WASHINGTON: Facebook paid users, including teens, to track their smartphone activity as part of an effort to glean more data that could help the social network´s competition efforts, according to a new report that may raise fresh privacy concerns.
As TechCrunch notes, re-offering an app very similar to Onavo, and potentially misusing a program intended for Apple's enterprise customers to do it, may further strain relations between the two tech companies.
The app granted Facebook "nearly limitless access" to the users' device, including records of which apps were installed, location information and the contents of private messages, according to a report by TechCrunch. The VPN app gives Google access to traffic and data on users' devices.
"Facebook has been using their membership to distribute a data-collecting app to consumers, which is a clear breach of their agreement with Apple", an Apple spokesperson said.
The company used beta testing services to recruit teens to its cause though the social network's name was purposely left out. While Facebook says this was done with permission, the company has a history of defining "permission" loosely and obscuring what data it collects.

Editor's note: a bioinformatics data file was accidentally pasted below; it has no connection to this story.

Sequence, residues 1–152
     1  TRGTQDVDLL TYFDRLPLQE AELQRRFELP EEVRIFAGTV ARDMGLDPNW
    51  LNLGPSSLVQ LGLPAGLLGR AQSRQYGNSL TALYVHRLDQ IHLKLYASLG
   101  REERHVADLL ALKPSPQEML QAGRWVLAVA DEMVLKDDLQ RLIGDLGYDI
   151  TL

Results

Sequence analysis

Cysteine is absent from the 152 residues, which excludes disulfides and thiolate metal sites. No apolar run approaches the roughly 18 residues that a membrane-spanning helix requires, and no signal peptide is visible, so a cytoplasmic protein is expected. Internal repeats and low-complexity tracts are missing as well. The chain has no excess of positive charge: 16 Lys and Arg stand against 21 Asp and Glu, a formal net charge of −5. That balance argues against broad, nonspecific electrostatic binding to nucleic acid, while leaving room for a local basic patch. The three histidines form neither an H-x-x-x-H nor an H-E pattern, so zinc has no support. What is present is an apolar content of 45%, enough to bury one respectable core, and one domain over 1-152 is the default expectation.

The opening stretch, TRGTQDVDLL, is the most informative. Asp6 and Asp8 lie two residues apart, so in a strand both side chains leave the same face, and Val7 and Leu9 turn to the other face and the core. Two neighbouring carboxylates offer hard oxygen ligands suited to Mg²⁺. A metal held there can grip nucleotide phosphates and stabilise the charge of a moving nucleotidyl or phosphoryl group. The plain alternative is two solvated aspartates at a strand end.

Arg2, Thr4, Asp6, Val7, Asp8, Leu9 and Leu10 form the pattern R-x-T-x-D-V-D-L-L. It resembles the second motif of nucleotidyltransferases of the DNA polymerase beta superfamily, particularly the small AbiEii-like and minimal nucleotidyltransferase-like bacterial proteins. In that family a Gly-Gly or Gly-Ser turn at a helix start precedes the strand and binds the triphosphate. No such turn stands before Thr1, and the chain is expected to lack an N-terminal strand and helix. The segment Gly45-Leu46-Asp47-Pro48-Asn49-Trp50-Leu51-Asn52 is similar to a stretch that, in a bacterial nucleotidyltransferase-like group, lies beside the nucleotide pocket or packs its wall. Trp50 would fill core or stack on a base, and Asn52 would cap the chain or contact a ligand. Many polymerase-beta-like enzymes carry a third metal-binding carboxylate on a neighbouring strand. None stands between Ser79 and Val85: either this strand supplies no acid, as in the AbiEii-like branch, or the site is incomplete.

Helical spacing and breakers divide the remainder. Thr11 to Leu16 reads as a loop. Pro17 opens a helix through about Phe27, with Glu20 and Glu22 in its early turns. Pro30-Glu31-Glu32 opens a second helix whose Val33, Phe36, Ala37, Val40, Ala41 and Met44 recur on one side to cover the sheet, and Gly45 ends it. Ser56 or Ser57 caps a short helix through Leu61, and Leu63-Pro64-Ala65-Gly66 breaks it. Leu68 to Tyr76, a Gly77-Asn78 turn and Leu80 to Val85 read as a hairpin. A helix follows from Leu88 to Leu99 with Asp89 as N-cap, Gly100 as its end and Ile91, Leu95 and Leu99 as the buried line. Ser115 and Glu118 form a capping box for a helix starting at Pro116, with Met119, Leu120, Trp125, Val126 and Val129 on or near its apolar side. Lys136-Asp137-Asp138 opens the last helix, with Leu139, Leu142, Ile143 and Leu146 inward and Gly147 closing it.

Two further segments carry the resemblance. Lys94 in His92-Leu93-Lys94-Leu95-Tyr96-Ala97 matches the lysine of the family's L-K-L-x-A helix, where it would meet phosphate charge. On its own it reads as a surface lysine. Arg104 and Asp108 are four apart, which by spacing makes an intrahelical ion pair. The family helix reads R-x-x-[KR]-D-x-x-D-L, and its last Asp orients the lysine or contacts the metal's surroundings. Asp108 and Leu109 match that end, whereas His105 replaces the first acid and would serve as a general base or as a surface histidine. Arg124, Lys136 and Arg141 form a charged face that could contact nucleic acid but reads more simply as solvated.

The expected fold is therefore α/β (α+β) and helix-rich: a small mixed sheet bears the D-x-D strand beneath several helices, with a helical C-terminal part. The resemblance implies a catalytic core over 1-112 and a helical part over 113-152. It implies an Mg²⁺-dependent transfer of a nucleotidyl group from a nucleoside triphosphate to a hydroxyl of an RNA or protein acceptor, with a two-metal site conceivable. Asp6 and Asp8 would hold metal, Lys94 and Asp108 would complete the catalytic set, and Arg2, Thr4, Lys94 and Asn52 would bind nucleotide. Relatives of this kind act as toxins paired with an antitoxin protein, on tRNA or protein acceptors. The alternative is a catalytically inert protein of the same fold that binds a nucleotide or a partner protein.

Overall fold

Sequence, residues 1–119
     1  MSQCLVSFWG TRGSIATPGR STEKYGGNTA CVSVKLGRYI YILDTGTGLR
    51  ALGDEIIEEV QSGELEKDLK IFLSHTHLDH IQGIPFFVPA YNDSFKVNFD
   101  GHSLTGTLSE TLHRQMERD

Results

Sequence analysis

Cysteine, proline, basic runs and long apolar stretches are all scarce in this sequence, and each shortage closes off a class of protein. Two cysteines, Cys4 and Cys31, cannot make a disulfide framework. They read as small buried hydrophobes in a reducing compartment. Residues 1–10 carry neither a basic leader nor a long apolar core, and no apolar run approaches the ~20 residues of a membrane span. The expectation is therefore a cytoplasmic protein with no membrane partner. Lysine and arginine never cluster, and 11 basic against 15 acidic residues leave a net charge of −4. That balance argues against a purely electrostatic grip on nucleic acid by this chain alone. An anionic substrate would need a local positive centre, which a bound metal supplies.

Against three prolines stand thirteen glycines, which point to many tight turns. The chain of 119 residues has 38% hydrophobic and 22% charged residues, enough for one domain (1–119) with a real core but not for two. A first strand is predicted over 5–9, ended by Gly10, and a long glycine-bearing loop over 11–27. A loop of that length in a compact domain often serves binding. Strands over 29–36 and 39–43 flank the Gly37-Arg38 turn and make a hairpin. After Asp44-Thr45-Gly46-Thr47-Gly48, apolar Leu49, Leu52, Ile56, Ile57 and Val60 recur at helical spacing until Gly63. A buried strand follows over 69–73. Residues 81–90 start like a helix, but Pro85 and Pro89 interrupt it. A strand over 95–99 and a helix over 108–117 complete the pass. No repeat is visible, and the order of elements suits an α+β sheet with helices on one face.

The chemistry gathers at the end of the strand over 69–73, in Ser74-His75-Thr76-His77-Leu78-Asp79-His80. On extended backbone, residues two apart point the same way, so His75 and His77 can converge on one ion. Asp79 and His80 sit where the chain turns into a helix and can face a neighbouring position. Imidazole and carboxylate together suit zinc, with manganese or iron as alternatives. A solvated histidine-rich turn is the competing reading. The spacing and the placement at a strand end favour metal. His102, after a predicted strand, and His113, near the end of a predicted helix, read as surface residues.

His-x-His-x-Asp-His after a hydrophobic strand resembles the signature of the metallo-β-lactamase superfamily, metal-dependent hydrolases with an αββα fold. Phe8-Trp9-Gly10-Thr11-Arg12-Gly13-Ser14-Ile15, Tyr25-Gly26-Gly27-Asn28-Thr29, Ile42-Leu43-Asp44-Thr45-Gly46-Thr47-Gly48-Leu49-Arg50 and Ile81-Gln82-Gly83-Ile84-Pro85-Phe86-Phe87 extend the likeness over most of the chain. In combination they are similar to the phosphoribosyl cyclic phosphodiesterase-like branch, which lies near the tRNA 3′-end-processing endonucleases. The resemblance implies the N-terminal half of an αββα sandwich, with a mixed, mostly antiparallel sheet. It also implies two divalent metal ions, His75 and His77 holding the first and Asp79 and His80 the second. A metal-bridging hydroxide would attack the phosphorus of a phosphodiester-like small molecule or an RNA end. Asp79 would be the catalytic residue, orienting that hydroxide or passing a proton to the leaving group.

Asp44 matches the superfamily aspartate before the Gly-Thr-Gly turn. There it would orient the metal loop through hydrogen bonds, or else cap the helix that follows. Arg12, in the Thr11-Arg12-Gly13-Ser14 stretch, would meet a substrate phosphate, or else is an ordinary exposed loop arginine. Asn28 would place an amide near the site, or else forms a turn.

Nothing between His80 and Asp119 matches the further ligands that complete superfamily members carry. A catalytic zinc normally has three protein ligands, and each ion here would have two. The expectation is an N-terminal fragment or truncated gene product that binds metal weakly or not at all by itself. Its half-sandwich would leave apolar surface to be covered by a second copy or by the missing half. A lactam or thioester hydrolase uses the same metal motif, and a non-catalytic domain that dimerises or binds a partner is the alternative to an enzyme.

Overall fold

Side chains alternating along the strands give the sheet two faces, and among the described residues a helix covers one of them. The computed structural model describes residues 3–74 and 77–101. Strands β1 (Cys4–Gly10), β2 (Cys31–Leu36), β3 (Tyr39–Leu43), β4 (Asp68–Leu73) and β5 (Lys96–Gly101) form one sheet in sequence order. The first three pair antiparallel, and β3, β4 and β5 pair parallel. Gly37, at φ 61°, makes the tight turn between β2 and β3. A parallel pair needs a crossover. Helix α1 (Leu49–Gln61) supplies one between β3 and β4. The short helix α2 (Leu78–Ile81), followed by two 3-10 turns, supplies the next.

Sure, Apple banned Onavo, but that didn't cure Facebook's data thirst. This program allows companies such as Facebook to test and distribute apps for their own employees to use, not the general public or consumers.
"The Screenwise Meter iOS app should not have operated under Apple's developer enterprise programme - this was a mistake, and we apologise".More news: Customs union compromise could unlock fresh Brexit talks, says commissioner
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A few hours after the expose was published by TechCrunch, Apple blocked the "research" app from the app store and shut Facebook out of the enterprise developer program altogether.
Although the primary objective of a VPN is to protect one's internet activity, TechCrunch discovered that Facebook's app was able to decrypt and analyze users' phone activity.
The existing app, too, does not conform to Apple's developer policies since it uses certificates to get root access to iPhones.
The Screenwise Meter app, launched in 2012, had a similar installation process to the Facebook Research app that's now been shut down. And, the company said, less than 5 percent of participants "in this market research program were teens".
Facebook attempted to downplay the app's discovery by arguing that it was never truly secret in a statement to TechCrunch.
He said Facebook's claim that users understood the scope of data collection was "muddying the waters".
Per The Verge: "A person familiar with the situation tells The Verge that early versions of Google Maps, Hangouts, Gmail, and other pre-release beta apps have stopped working today, alongside employee-only apps like a Gbus app for transportation and Google's internal cafe app". Mark Warner, D-Va., wrote in a letter to Facebook CEO Mark Zuckerberg. This app is completely voluntary and always has been.